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  Exploring Southwark and discovering its history

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Browning Hall Settlement

The Browning Hall Settlement attached to the Congregational Chapel in Browning Street, Walworth was established in 1894.  The Chapel opened in 1789 in what was then called York Street and it was where the poet Robert Browning was baptised in 1812. The street was subsequently renamed after him. Mission settlements grew up in the late 19th century in the poorest and most deprived parts of London where those from more privileged classes, driven by a strong Christian faith, sought to alleviate the chronic suffering of the poor.  They lived within the community they sought to serve and worked alongside the poor to improve living conditions from within.  The Browning Hall Settlement was established in 1894 under the wardenship of F H Stead assisted in the first nine years by Tom Bryan who later became mayor of Southwark.

Browning Hall

Browning Hall's first report described the area:  “the narrow alleys, the low cottage slums, the piled-up dungeons of tenemented blocks, the squalor and sordidness that deaden the eye and stupefy the soul.”   Activities at Browning Hall were wide-ranging - educational, social and practical - and included:

•Short courses and reading circles for adults, that covered Shakespeare, poetry and history

•A gymnasium

•Cooking classes

•A savings bank, that included a Christmas groceries savings club, the Goose Club, which had over 10,000 members by 1908.

•A Poor Man’s Lawyer service where the greatest demand was for advice regarding matrimonial issues.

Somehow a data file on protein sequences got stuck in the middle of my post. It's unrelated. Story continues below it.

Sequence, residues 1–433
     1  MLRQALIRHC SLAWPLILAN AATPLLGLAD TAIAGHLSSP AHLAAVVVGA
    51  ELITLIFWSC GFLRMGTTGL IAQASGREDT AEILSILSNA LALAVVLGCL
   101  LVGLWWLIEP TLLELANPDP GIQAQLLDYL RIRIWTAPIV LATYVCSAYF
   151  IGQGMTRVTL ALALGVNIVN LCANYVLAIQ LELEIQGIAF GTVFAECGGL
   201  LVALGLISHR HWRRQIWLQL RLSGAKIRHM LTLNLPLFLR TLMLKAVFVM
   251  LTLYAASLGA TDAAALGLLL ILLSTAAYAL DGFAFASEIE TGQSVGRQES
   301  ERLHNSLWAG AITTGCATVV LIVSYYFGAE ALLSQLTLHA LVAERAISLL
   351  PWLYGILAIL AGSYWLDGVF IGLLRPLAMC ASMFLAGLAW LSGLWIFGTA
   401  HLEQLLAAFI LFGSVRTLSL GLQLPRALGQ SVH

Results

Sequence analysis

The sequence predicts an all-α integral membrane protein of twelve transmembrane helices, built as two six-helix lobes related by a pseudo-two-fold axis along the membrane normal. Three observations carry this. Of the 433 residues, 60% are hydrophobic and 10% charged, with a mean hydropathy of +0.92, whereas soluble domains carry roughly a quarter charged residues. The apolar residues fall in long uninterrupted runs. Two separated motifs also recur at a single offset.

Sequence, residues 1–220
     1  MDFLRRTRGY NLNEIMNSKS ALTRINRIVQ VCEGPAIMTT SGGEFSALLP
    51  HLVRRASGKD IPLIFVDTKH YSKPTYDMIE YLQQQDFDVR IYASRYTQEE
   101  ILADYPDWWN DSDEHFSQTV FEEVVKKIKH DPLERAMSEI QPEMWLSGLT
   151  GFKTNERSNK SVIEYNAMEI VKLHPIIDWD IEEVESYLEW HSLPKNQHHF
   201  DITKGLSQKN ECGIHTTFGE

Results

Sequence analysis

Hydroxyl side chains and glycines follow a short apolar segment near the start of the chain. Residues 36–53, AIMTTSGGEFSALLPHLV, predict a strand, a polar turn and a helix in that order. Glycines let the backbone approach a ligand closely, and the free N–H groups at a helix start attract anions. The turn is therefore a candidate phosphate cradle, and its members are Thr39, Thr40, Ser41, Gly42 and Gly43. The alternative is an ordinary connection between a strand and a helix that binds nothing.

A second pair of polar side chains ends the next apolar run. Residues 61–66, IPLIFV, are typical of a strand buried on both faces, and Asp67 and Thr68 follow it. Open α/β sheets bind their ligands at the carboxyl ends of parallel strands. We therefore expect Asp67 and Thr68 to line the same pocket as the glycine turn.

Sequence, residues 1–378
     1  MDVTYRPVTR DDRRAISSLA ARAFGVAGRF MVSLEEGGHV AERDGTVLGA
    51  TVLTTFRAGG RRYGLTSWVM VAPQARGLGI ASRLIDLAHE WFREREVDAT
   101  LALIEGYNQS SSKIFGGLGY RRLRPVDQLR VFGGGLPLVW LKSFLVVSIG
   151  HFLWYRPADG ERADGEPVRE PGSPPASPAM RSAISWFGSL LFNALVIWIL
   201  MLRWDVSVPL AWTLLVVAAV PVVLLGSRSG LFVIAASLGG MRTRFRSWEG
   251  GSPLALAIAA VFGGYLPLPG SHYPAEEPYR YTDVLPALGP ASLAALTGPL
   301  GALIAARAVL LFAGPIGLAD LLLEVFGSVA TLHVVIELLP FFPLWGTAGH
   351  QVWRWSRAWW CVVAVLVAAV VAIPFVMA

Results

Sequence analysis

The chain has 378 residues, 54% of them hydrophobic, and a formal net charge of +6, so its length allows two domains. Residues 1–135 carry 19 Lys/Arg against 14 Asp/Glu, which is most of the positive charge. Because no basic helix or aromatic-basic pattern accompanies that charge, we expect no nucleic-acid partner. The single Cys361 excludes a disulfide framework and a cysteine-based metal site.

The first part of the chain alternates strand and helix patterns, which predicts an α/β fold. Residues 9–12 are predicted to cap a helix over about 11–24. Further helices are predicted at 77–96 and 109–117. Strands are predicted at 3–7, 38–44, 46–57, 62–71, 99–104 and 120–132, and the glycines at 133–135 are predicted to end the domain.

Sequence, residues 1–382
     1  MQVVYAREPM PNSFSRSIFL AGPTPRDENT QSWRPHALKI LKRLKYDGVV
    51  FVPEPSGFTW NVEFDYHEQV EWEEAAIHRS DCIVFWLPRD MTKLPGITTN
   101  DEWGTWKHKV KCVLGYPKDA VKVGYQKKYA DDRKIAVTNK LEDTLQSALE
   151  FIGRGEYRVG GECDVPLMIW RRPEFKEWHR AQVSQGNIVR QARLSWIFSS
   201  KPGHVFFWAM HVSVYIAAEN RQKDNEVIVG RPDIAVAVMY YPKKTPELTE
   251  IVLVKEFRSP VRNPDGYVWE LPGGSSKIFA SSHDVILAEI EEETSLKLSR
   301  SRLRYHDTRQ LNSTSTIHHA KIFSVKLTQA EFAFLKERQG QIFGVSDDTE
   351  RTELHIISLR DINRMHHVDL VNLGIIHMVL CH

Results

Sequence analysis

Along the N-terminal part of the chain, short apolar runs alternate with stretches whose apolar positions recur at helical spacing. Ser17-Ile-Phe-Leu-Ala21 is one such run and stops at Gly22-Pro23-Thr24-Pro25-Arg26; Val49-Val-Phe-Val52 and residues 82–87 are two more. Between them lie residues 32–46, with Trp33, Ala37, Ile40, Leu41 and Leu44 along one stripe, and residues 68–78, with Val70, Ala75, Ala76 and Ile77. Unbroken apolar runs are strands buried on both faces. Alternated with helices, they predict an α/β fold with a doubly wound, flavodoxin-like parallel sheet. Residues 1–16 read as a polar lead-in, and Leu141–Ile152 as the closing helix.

•The Browning Tavern that served meals and non-alcoholic drinks

•A Boy’s Brigade and Boy’s Club

•Summer holidays for adults and children were arranged in Whyteleafe, Surrey

•A medical mission was set up and the Settlement, particularly Tom Bryan, campaigned regarding public health issues.

•Formal training in social work was established, one of the first courses in the country.


Many of these activities took place at a building on the corner of Walworth Road and Browning Street, now called Herbert Morrison House.  F H Stead was an ardent supporter of the Labour Movement and campaigned for the introduction of old age pensions.  He organised a conference concerning the introduction of pensions at Browning Hall in 1898 which was attended by union leaders and officials, and others from a non union background, including Charles Booth, that extended the reach of the conference beyond the trade union movement.  After 10 years hard campaigning, the government introduced old age pensions.  







CSEU building

Herbert Morrison House, named after a prominent early Labour politician, became the Labour Party headquarters  until 1928  when the party took offices in Transport House, Smith Square. They returned to Walworth Road in 1980 when a terrace of 7 houses built at the end of the 18th century was altered to form a new HQ.  Renamed John Smith House after the sudden death of the then Labour leader in 1994, the Labour Party decanted north of the river again to Millbank Tower in 1997.  

The former Labour Party Headquarters in

Walworth Road

The original Browning Hall, the chapel in Browning Street, was demolished in 1978 following extensive damage from a serious fire.  All that remains is part of the burial ground.

Browning Hall Burial Ground

The York Road Chapel Burial Grounds